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More Than 100,000 Michiganders Have Medical Marijuana Card

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Medical marijuana use has been legal in the state since 2008 when a majority of voters approved the Michigan Medical Marihuana Act (MMMA). Medical marijuana use has come back in the public spotlight as state legislators have proposed bills that may require drug testing from unemployment beneficiaries. Recently, a couple licensed to grow medical marijuana had their 6-month-old child taken away by the state for having plants in their house.

 Despite these hurdles, a significant amount of the state’s population is still interested in obtaining a medical marijuana card.

 According to the Michigan Department of Licensing and Regulatory Affairs (LARA), 402,688 original and renewal applications have been submitted to the state since April 6, 2009. As of May, there are 128,688 active registered qualified patients. Of the applicants who have applied, 25,788 of them have been denied, mostly because of missing documentation.

 In 2012, the state of Michigan took in $9.8 million in fees associated with medical marijuana.

 In order to qualify for medical marijuana, a patient must receive approval from a physician. The state reports 1,928 prescribed medical marijuana last year however, a list of those individual doctors is not kept by the state. Patients must have a debilitating or chronic medical condition in order to qualify for medical marijuana, which can include cancer, glaucoma, severe and chronic pain, muscle spasms and other diseases that can lead to death.

 If approved, medical marijuana cardholders are allowed to possess 2.5 ounces of usable marijuana and up to 12 plants in a stored, locked facility. The MMMA also allows for caregivers, who can legally grow marijuana for up to five patients and grow a maximum of 72 plants. Caregivers must be at least 21 years of age and have never been convicted of drug related charges.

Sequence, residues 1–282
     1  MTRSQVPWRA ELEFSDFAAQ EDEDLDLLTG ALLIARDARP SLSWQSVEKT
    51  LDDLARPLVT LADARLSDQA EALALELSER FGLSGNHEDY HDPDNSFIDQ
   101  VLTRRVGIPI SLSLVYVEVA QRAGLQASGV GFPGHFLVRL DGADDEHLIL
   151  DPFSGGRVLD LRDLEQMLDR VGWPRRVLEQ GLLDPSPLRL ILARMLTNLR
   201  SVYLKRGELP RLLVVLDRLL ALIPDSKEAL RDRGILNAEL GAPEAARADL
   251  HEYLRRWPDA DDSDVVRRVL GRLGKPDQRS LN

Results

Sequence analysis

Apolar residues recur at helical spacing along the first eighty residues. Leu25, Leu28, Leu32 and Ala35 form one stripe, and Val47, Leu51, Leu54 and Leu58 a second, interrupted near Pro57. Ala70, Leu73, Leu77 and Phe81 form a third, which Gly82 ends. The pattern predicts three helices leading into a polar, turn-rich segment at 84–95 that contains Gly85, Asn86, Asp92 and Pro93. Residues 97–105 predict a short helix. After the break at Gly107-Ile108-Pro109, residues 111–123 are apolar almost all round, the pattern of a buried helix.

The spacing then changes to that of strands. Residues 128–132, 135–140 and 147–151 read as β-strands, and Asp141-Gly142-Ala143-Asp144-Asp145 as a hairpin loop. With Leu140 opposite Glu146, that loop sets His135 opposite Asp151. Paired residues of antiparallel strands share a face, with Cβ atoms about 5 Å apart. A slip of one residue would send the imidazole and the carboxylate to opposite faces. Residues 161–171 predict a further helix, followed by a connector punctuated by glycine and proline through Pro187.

With 80 percent of applicants being approved for a medical card and numerous conditions qualifying patients for a card, some have questioned the legitimacy of issuing medical marijuana cards.

 Medical marijuana user and Linden resident Kelly Klocek told the Times in February that she has Atyplcail Trigeminal Neuralgia, a disorder that includes intense migraines and chronic aches. Klocek said the use of medical marijuana eliminated the need for her to take multiple prescription pills for pain. Klocek and other patients interviewed said that while some people did abuse having a medical marijuana card, they felt a majority of users had a legitimate reason to smoke marijuana.

 Michael Komorn, a Michigan lawyer who represents medical marijuana users, said that any right will have abusers. Komorn believes medical marijuana users in general face excess scrutiny and that the MMMA has yet to be fully recognized by law enforcement.

 “There’s very little change in the law enforcement community. Little, if any new training has taken place,” Komorn said. “People expected the law to have more protections, whether it is for growing or medical use.”

 Under federal law, marijuana is considered a controlled substance. Other states like Colorado and Washington have decriminalized marijuana use, however, federal authorities can still arrest and press charges to those in possession of medical marijuana. According to the Federal Bureau of Investigation’s 2012 report on crime in the U.S., marijuana accounted for 48 percent of drug related arrests.



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